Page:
December has arrived! And though we may still be snacking on leftover turkey, snow in the Midwest and windy rainstorms in the Northeast remind us that Jack Frost is on his way.
As you prepare to head into the cold weather with your pets, keep these tips in mind so that your furry friend stays safe while having fun outside.
Fur only goes so far. If you’re feeling cold enough that you think it’s time to go inside, chances are your pet feels the same way. Even if your animal has a coat or winter gear, make sure not to expose him to the elements for too long. While outside, if you notice your pet becoming less active or looking for a place to burrow or hide, he may be telling you he wants to head indoors.
Don’t rub it in—the salt, that is. Well-meaning neighbors and shopkeepers treat sidewalks against the elements to avoid slips, but the salt can cause cracked skin and even bleeding on animal paws. After your pets come in from the cold, wipe their paw pads with warm water and dry the paws completely to avoid any rawness. Checking your pet’s whiskers for any dampness can also help to avoid discomfort.
Also, if your pet has been walking or playing in deeper snow, be sure to clean and dry his belly. This practice will also prevent the accidental ingestion of any antifreeze or de-icing chemicals that your pet may have on his fur.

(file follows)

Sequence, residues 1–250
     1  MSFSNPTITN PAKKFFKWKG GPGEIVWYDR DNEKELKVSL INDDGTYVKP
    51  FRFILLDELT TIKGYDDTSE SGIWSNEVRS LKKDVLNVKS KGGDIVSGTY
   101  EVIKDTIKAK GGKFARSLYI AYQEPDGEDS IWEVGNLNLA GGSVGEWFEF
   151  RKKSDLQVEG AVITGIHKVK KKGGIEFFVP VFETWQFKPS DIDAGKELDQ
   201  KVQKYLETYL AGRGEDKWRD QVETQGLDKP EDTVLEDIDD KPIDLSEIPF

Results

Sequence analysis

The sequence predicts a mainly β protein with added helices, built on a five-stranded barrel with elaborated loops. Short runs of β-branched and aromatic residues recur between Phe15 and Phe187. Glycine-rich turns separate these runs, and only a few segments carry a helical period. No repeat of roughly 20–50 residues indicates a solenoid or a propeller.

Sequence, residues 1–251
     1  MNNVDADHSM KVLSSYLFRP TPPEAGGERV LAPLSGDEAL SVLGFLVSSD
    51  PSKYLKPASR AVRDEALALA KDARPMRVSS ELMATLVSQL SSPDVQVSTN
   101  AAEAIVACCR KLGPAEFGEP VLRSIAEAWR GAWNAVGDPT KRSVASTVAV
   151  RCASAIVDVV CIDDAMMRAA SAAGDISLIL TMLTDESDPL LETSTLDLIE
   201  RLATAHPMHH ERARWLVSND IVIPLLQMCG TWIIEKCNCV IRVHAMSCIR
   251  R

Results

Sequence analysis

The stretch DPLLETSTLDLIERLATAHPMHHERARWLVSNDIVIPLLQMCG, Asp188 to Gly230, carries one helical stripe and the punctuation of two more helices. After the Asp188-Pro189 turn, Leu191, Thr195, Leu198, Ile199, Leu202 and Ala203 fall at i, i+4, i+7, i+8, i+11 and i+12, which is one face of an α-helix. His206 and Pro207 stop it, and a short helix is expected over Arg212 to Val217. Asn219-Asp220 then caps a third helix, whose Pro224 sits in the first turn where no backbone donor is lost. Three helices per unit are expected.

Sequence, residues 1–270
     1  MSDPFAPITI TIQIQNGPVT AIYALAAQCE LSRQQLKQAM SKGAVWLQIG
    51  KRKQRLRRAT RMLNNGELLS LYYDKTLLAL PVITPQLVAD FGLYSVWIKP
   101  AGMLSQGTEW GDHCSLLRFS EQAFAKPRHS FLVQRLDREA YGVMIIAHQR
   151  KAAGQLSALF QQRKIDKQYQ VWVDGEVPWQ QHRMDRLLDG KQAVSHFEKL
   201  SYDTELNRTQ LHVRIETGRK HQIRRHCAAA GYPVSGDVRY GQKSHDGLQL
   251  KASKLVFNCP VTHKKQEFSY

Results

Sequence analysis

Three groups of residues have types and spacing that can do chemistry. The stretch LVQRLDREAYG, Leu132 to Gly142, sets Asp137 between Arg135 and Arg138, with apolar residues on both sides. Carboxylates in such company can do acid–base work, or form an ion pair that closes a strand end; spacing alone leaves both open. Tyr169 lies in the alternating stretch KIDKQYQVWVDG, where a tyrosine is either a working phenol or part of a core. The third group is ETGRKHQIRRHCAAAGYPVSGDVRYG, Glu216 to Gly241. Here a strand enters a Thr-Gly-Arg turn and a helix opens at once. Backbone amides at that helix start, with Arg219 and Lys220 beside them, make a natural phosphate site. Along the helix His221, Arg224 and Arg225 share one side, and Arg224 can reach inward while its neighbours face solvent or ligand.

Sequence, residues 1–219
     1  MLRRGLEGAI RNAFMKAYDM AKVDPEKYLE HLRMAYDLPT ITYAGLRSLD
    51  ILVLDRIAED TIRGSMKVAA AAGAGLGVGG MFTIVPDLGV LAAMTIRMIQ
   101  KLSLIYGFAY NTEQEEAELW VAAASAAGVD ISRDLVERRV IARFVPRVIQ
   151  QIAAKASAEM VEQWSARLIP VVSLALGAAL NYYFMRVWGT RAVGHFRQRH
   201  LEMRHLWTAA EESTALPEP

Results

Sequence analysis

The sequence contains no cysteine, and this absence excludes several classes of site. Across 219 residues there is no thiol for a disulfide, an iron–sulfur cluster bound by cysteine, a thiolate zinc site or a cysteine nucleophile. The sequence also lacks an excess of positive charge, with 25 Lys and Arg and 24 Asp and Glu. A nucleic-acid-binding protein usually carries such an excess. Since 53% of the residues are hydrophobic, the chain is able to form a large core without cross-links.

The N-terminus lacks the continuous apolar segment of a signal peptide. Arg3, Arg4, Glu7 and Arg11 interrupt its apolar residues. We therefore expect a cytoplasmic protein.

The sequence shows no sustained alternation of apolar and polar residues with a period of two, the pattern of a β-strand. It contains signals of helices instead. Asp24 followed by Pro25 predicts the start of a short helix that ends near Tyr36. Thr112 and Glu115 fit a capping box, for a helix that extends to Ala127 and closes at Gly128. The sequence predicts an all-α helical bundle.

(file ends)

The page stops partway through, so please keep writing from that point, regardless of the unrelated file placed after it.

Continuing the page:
Comfort food. When your pet is outdoors, staying warm consumes more energy than his usual activity. Keep your pet well fed with high-protein foods to help him enjoy the weather. And of course, make sure that water bowls are not only full, but also unfrozen—so that pets don’t seek alternate, potentially unsafe sources of water outdoors.
Tagging tips. Microchipping or tagging your pet is always important, especially in the wintertime, when more dogs are lost than at other times of year. Because animals can lose their scent in the snow and ice and become lost more easily, make sure that your pet’s ID is up-to-date for the season.
Indoors doesn’t always mean safe. Even indoors, dogs and cats will seek out just about any source of warmth, so take the time to “pet-proof” your home in cold weather by making sure that space heaters, fireplaces, and even car engines are secured against animals looking for a cozy place to nap. Also, bird owners should make sure that cages are a comfortable distance from any drafty spots.
Taking a few moments to protect your pet against winter weather will ensure his health and comfort, so stay safe before hitting the frosty outdoors.
Do you have other tips for keeping your pet safe in bad weather? Share your suggestions below!